75 Years Later: A look back at the atomic bombs dropped on Japan

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(WSYR-TV) — Warfare changed forever on August 6, 1945, when the United States dropped two atomic bombs on Japan.

The goal was to hasten Japan’s surrender, ending World War II and saving Allied lives. It was also a flex of power by the U.S. to show the Soviet Union the powerful new technology.

Images of Hiroshima and Nagasaki really demonstrate the destructive power of the atomic bombs. Japan’s emperor Hirohito called it “a new and most cruel bomb” in his statement of surrender.

ABOUT THE BOMBS

FILE – This 1960 image released by the U.S. Department of Defense shows the Little Boy atomic bomb. (AP Photo/File)

During World War II, the first atomic bomb was built in Los Alamos, New Mexico under a top-secret U.S. government program called the Manhattan Project. The first test, code name “Trinity,” was dropped in Alamogordo, New Mexico, 120 miles south of Albuquerque, on July 16, 1945 at 5:29 a.m. The bomb, “Gadget,” was a plutonium-239 implosion bomb that had an equivalent of 21,000 tons of TNT.

Code name “Little Boy,” the atomic bomb that dropped on Hiroshima detonated with an estimated 15,000 tons of TNT. The bomb dropped on Nagasaki, nicknamed “Fat Man,” held 21,000 tons of TNT.

HIROSHIMA

At 8:15 a.m. on August 6, 1945, the crew of the B-29 bomber Enola Gay flew over Hiroshima and dropped the first wartime atomic bomb. Hiroshima was targeted because it was a regional hub that was an important military communication center, storage depot, and a spot where troops gathered.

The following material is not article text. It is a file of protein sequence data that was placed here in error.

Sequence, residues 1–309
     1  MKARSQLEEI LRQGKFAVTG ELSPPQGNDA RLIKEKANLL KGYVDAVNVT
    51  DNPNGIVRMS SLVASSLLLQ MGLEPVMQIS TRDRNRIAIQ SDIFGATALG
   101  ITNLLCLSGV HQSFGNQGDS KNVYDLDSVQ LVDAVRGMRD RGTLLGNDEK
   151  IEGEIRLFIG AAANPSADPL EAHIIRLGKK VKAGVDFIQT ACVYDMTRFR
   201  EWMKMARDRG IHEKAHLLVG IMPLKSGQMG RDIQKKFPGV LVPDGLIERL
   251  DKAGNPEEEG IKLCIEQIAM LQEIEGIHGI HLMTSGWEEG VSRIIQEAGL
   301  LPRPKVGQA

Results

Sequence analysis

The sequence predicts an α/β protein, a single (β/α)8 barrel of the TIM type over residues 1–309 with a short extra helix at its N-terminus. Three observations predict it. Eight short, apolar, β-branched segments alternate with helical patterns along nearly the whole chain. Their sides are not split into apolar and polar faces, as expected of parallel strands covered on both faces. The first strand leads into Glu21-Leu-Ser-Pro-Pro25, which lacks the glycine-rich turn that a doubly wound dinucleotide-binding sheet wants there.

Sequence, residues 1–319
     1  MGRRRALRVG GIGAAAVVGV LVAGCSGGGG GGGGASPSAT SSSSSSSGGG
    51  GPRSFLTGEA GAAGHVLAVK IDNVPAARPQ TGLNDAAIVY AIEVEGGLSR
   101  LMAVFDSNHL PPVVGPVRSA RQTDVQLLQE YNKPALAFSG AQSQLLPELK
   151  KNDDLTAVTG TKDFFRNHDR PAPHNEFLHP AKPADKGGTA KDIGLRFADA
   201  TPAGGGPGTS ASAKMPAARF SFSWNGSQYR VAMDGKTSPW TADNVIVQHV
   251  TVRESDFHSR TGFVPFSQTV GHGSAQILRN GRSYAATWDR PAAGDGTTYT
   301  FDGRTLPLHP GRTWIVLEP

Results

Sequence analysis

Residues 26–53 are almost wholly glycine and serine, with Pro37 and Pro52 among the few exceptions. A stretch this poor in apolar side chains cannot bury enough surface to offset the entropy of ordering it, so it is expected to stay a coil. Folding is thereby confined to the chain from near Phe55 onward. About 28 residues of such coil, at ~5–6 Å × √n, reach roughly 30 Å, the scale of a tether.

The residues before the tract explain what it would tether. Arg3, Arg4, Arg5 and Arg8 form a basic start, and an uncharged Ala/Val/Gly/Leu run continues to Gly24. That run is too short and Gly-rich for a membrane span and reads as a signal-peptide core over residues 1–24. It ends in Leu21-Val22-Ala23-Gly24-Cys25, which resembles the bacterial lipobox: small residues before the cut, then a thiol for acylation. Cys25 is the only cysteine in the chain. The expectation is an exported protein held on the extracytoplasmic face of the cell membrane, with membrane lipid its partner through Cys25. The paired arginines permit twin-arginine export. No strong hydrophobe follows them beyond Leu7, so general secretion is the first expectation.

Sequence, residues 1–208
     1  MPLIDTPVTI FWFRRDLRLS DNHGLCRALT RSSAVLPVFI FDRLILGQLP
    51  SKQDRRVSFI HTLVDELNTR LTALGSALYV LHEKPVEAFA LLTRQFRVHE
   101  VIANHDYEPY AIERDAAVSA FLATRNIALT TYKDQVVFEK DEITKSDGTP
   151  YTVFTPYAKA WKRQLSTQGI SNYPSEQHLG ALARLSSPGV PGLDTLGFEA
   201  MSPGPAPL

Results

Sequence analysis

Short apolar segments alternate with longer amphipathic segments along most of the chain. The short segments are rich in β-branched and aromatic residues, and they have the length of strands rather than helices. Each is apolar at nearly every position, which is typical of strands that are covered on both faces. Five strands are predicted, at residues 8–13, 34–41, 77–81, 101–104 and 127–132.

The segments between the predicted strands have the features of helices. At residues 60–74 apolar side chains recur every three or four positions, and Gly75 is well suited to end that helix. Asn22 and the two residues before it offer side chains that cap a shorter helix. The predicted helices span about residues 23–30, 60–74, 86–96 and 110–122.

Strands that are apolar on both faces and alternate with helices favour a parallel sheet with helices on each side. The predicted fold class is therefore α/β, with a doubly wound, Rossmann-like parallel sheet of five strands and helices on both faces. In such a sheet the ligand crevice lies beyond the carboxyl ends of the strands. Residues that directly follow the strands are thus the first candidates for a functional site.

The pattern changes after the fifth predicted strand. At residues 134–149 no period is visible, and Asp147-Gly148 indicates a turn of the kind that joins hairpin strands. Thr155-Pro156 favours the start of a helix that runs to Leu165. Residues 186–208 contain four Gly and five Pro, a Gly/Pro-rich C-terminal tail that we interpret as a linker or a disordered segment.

NAGASAKI

In this handout from the U.S. Air Force, the seaport city of Nagasaki, Japan, is shown almost completely destroyed.
(AP Photo/USAF)

Three days later, 185 miles southwest of Hiroshima, at 11:02 a.m., the second atomic bomb was dropped on Nagasaki, wiping out 30% of the city.

The original target, Kokura, was masked in cloud cover that morning making it difficult for the B-29 bomber, Bockscar, to find its aim. Pilots spent 45 minutes flying over Kokura before moving to its secondary target, Nagasaki.

Although more powerful than the one used at Hiroshima, Nagasaki’s topography, narrow valleys between mountains, reduced the bomb’s effect and limited the destruction to 2.6 square miles.

IMPACTS OF THE ATOMIC BOMB

Hiroshima: 70,000 to 80,000 died from the initial impact of the atomic bomb. Final casualty numbers remain unknown but by the end of 1945 more than 30,000 people died from injuries and radiation caused by the bomb.

Nagasaki: Exact numbers are unknown but it’s estimated that 60,000 to 80,000 people died from direct exposure and longterm side effects of radiation.

HIROSHIMA TODAY

Reconstruction began in 1950. Today Hiroshima is the largest industrial city in Japan’s Shikoku and western Honshu regions.

The city has become a spiritual center of the peace movement working to ban nuclear weapons. Peace Memorial Park, built at the epicenter, contains a museum and monuments dedicated to those who lost their lives from the bomb.

One of the few buildings not obliterated by the blast, the Atomic Bomb Dome, was designated a United Nations Educational, Scientific, and Cultural Organization World Heritage site in 1996.


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